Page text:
After the end of slavery African Americans were told they were equal, but the Jim Crow laws kept them separate from white people. “Jim Crow system was undergirded by beliefs or rationalizations: whites were superior to blacks in all important ways…”("What Was Jim Crow?"). Jim Crow laws determined how an individual was treated in the areas of social interactions, education and health care. Jim Crow laws were put in place in the United States to keep blacks separated from whites and limit their rights as citizens. Jim Crow was a law of segregation and discrimination that prevented black Americans from equal rights to that of white Americans.
Racism is deeply rooted into society because its origin started in the early colonial days. For centuries, blacks and those of African descent were enslaved. Racism and racial inequality still exist to this day. Many of today’s issues involving blacks and whites stem from the oppression of African Americans in United State history. The road out of slavery was long, tough, violent, and especially deadly.
"Does segregation of children in public schools solely on the basis of race, even though the physical facilities and other "tangible" factors may be equal, deprive the children of the minority group of equal educational opportunities? We believe that it does." --quote from the 1954 Brown v. Board of Education U.S. Supreme Court decision. To this day, Brown Versus the Board of Education is known as one of the most significant Supreme Court rulings of the 20th century. Brown versus the Board of Education stated that racial segregation of students disrupted parts of the 14 amendment.
Civil Rights activist used a non-violence approach to bring back peace and clear out all tension between blacks and whites. Many African Americans rose on the behalf of the blacks to bring back equality and freedom to the black community, and many of them lost their lives in the process. The civil rights movement was a mass media for racial equality in the United States, The civil rights was started in the 1950s and fought with non-violent protests. The movement also achieved the passage of landmark equal rights laws in the 1960s intended to end discrimination against people because of their race. It started in the 1950s and ended in the mid to the late 1960s when Dr. King was killed.
In order for them to achieve this, the white southerners came up with the Jim Crow laws to prevent the African Americans from achieving their god given right of being free and equal. This did not end the African hope of becoming equal. After many years of mistreatment, African Americans knew that change in society was necessary. The members of the black population have been enslaved, beaten, abused, neglected and just taken advantage of, since the end of the civil war, even into present times, African Americans have struggled for equality and rights that white Americans often take for granted. Arguably, no post-war struggle was larger or more significant than the movement to eliminate the Jim Crow laws from existence in the South.
Integration in white schools played a major role in the battle for Civil Rights in the South, upon the coming of independence for all African American people in the United States after a series of tribulations and loss of hope. During this time, the idea of segregation was a very controversial topic among the c... ... middle of paper ... ...ners they continued to fight. As more and more African American students were admitted into white Southern schools, segregationist continued to retaliate and defend their schools against them. No matter how difficult the situation turned out for some of them, and without much help from the government, African Americans did everything they possibly could to protect their educational rights for the sake of their future and success, and in the hope of promoting equality for all African American people of the United States. These students became the symbol of freedom and opened up the window of opportunity for all black people, for their ancestors, and for the future generations to come.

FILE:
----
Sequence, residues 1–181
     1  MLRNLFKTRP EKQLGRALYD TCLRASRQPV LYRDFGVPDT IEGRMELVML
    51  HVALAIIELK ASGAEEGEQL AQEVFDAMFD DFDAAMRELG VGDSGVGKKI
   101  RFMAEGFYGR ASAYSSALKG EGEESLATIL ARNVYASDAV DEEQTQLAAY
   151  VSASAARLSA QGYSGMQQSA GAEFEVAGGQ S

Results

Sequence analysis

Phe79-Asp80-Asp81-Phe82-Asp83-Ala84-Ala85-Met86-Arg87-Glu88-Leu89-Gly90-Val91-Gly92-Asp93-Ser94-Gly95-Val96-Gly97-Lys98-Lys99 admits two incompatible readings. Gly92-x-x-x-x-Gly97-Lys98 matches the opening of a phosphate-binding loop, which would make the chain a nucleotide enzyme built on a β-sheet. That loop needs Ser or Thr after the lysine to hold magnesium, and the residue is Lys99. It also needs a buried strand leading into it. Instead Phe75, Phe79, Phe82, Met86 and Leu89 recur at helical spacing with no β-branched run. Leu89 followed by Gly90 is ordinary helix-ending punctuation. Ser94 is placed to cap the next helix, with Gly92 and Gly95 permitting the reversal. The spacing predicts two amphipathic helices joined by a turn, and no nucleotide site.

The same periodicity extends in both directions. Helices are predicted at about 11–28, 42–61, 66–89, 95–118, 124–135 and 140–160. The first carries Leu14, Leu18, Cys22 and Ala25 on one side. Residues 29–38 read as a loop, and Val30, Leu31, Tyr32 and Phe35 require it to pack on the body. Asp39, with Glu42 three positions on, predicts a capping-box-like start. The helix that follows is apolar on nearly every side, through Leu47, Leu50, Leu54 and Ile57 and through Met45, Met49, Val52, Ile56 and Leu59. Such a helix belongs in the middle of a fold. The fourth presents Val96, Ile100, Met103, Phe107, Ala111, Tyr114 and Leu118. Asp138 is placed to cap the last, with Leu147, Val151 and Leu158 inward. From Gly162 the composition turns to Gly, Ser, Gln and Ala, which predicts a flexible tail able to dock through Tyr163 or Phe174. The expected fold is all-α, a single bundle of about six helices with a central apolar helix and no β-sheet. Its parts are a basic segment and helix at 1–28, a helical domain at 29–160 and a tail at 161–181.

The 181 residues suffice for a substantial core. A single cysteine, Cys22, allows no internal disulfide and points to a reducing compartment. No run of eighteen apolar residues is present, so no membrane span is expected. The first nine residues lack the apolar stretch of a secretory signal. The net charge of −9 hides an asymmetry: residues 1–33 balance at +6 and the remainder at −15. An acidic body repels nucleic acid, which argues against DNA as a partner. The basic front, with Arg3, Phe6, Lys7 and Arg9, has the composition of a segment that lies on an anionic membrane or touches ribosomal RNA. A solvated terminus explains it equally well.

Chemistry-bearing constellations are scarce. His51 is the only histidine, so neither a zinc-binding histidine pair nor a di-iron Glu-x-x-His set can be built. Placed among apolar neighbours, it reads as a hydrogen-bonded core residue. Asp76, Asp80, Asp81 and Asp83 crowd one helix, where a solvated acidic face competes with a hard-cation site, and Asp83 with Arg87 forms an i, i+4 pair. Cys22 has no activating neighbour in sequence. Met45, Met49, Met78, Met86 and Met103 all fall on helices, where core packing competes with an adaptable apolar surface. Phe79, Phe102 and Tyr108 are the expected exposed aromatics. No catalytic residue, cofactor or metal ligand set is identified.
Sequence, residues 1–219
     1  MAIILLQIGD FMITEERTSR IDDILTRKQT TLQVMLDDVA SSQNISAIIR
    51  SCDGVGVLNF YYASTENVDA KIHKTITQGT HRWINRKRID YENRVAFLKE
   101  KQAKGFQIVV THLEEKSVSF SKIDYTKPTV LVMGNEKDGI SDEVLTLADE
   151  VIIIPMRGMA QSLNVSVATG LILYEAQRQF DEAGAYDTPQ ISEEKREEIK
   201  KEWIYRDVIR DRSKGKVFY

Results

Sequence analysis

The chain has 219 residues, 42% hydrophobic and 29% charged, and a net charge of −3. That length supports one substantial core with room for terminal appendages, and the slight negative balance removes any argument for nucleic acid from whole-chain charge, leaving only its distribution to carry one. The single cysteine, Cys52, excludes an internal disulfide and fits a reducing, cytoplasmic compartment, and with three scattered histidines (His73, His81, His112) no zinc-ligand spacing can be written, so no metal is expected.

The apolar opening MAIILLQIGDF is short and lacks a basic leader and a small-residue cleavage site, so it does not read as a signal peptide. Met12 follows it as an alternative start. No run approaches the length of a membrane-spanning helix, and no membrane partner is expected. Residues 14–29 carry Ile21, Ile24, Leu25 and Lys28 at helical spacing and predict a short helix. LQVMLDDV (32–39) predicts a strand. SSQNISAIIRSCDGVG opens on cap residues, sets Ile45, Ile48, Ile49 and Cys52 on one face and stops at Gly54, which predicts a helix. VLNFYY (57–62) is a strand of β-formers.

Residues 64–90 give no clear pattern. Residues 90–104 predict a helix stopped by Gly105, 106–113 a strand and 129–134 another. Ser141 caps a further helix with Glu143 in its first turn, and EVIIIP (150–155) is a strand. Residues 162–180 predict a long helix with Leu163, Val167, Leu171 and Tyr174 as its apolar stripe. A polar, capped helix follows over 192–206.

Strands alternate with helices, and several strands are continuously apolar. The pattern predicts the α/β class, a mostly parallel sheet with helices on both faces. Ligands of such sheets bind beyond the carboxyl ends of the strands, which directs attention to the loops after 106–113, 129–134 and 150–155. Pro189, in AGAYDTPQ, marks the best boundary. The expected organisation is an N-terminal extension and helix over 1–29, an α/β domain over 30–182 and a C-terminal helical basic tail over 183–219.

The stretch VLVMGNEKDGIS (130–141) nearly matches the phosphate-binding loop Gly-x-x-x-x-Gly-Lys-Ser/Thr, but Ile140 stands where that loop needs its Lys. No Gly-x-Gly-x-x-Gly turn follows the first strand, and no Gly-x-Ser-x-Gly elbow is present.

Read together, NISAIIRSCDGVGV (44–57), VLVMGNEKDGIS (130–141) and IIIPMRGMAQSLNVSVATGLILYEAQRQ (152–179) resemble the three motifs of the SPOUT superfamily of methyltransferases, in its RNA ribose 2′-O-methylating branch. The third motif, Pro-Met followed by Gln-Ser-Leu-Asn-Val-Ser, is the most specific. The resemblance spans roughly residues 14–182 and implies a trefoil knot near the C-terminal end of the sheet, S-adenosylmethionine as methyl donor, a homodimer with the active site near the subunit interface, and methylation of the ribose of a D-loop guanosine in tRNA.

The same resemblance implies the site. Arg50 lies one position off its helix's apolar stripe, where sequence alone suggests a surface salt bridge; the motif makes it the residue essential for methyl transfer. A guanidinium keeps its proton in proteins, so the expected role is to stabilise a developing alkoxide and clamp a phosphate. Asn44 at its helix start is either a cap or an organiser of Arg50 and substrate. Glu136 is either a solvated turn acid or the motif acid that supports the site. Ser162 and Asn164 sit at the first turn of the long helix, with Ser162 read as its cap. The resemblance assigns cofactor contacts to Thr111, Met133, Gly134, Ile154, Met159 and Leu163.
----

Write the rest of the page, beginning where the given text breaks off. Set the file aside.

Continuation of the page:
The Civil Rights Movement brought many accomplishments to African Americans such as the 1964 Civil Rights Act, Voting Rights Act of 1965, and the Fair Housing Act of 1968. The key issues that African Americans fought for were voting rights, integration and racial equality. They were tired of the discrimination and humiliation they received as a result of the segregation laws imposed on them. “State laws mandated racial separation in schools, parks, playgrounds, restaurants, hotels, public transportation, theaters, restrooms and so on” (Blumberg 40). Lawsuits had been tried to gain rights such as the unsuccessful Plessy v. Ferguson in 1896 and the successful Brown v. Board of Education of Topeka.
(n.d.). Encyclopedia Britannica Online. Retrieved December 2, 2013, from http://www.britannica.com/EBchecked/topic/67474/African-Americans/285189/Reconstruction-and-after 9.) Smallwood, A. (n.d.).
Around 1876, Jim Crow Laws came into effect and demonstrated a system of segregation which separated the blacks and whites, primarily in public facilit... ... middle of paper ... ...ivil Rights Movement, a large social movement, paved the way for changes in black freedom and how the blacks would be viewed. Many whites grew more hostile towards the African Americans because they had been granted their freedom. People who were once viewed as only a piece of property, now had rights under the law, making them equal to the people who once owned them. The Civil Rights Movement was a fight between both races to see who was the stronger race and if the whites would be able to maintain their power. The whites had everything under control until the blacks began to realize as a citizen, they had rights as well.